The African Union commission top seat is now open for competition, with South Africa preparing to unseat Dr Jean Ping. French-speaking Ping has been chairman of the AU commission since 2008 and his term in office will end this year.
The Gabonese former foreign minister has, however, turned to a defensive position to secure one more round, launching a massive campaign last week to get support for his second term in office despite South Africa’s preparation to challenge him.
African head of states are set to vote in a secret ballot to the highest position of the organisation at the end of January 2012 summit in Addis Ababa, Ethiopia. The Gabon government provided an aircraft to support Dr Ping in his election campaign as he tours 10 African States to seek support from their heads of state.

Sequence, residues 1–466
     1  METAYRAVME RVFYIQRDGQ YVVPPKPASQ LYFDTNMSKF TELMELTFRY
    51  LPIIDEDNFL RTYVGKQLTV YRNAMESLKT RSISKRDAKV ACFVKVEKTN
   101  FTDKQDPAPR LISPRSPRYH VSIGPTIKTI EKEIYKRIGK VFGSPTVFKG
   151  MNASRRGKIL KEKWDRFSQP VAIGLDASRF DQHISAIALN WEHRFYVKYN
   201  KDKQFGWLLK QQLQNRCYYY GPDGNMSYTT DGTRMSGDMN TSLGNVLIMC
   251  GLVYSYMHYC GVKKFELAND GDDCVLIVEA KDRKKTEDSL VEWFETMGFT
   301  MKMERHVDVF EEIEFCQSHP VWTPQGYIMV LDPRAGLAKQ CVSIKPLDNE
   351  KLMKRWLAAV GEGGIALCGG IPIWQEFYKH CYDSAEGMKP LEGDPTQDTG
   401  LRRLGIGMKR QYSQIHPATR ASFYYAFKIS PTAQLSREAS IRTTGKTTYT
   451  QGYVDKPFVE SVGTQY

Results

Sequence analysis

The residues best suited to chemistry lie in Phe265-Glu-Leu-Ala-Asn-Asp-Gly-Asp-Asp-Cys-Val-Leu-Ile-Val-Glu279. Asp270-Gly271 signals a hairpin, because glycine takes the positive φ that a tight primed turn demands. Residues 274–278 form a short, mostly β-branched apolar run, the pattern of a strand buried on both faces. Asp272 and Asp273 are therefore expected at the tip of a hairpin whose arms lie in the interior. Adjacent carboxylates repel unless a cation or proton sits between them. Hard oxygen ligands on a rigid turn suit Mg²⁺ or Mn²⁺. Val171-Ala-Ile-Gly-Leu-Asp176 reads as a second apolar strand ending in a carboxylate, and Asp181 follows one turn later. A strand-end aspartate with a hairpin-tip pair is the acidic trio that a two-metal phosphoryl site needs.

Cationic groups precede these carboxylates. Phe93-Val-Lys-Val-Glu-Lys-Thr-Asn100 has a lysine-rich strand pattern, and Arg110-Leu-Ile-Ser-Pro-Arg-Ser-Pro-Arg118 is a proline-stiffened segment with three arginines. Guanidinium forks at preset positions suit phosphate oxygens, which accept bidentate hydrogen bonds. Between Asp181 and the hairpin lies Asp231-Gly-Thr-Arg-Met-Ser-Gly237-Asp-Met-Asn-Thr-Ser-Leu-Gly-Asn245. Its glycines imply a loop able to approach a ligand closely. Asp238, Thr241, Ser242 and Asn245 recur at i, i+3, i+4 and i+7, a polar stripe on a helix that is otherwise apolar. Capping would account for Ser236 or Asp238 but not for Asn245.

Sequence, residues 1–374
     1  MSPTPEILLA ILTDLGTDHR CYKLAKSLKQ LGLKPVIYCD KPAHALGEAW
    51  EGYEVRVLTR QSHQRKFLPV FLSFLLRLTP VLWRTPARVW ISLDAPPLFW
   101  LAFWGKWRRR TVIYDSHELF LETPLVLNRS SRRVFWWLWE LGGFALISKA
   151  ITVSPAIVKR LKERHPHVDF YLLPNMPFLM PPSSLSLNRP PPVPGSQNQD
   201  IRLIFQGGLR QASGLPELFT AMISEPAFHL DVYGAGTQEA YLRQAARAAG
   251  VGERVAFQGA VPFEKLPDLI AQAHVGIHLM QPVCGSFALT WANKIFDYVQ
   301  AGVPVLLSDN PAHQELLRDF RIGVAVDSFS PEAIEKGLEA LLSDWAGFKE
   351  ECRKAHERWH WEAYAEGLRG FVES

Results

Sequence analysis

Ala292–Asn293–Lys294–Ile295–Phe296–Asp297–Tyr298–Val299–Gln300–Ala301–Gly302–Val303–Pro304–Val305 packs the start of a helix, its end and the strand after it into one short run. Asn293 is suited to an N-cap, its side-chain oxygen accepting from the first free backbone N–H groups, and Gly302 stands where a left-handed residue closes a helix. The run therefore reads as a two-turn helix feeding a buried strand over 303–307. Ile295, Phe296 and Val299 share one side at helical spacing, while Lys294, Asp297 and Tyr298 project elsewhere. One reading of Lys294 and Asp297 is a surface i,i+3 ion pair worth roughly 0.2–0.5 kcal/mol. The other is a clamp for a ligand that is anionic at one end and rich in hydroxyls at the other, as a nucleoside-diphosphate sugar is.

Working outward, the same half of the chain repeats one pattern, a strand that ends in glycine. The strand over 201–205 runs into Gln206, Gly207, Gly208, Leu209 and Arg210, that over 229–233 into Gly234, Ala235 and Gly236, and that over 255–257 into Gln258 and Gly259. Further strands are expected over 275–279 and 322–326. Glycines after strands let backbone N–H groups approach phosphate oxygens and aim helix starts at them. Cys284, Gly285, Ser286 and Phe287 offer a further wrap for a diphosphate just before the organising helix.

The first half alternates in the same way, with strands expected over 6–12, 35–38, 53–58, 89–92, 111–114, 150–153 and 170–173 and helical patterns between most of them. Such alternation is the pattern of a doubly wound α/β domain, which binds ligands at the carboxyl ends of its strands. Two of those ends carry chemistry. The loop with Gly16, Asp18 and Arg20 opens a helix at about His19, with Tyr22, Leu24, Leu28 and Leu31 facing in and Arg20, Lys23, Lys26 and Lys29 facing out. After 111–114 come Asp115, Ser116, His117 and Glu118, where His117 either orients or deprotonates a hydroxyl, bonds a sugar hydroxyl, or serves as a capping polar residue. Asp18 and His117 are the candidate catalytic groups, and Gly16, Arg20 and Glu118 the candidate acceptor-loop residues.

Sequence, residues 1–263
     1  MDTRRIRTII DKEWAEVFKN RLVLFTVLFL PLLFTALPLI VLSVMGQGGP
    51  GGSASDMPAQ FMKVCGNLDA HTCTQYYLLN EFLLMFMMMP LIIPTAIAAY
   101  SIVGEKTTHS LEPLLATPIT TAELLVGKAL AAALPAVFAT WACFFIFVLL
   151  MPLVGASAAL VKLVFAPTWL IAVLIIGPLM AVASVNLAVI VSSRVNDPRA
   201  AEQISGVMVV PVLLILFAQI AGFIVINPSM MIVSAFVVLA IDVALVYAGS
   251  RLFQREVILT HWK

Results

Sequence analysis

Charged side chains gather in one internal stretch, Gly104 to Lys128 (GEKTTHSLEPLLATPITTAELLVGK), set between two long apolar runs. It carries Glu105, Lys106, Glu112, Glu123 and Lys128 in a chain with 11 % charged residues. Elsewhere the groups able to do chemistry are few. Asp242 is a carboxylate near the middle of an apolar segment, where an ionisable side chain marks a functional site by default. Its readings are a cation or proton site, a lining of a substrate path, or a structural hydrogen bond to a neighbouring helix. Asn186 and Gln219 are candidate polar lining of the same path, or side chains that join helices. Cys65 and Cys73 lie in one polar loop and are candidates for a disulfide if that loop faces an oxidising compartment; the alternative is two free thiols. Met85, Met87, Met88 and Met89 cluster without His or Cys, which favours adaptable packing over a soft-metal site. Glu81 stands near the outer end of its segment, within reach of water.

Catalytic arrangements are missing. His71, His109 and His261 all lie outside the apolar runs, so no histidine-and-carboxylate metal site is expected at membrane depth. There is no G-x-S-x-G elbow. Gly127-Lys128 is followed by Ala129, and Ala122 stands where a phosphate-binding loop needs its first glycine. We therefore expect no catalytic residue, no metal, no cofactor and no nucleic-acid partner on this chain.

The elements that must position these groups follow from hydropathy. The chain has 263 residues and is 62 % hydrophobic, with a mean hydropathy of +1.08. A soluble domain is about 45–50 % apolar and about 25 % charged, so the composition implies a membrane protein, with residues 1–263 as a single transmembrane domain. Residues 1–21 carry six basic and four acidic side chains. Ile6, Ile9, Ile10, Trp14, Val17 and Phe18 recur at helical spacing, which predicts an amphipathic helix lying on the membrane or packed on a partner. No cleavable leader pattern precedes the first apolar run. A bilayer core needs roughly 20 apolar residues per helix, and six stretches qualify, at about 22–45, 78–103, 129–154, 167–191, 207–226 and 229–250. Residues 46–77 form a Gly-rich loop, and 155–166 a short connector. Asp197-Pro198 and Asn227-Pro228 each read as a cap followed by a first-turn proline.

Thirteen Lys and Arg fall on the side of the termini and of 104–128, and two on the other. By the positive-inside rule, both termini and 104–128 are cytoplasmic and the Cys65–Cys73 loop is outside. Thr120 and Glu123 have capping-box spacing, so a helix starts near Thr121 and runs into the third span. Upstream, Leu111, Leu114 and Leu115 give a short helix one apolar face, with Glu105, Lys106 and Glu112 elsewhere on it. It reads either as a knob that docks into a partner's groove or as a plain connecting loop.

Gabon’s AU Ambassador to the African Union Andre William Anguile on Monday expressed his government’s full support for Mr Ping’s re-election campaign. “We are sure ECOWAS region and other friendly countries support Dr Ping for his second term,” he said. “He has demonstrated major achievements during the last four years and we are confident about his reelection.”
But South Africa, one of the heavy champions of the pan African organisation, nominated its Home Minister and former Foreign Minister Nkosazana Dlamini Zuma for the chairmanship position.
According to analysts, Dr Ping has a support from most of west, eastern and central Africa regions while southern Africa and northern Africa have been pushing for a new AU chairman.
Non-African power, European Union hinted its support for South Africa while the French backed Jean Ping’s reelection. Jean Ping’s leadership has been criticised for failing to handle Libya and the Ivory Coast crisis.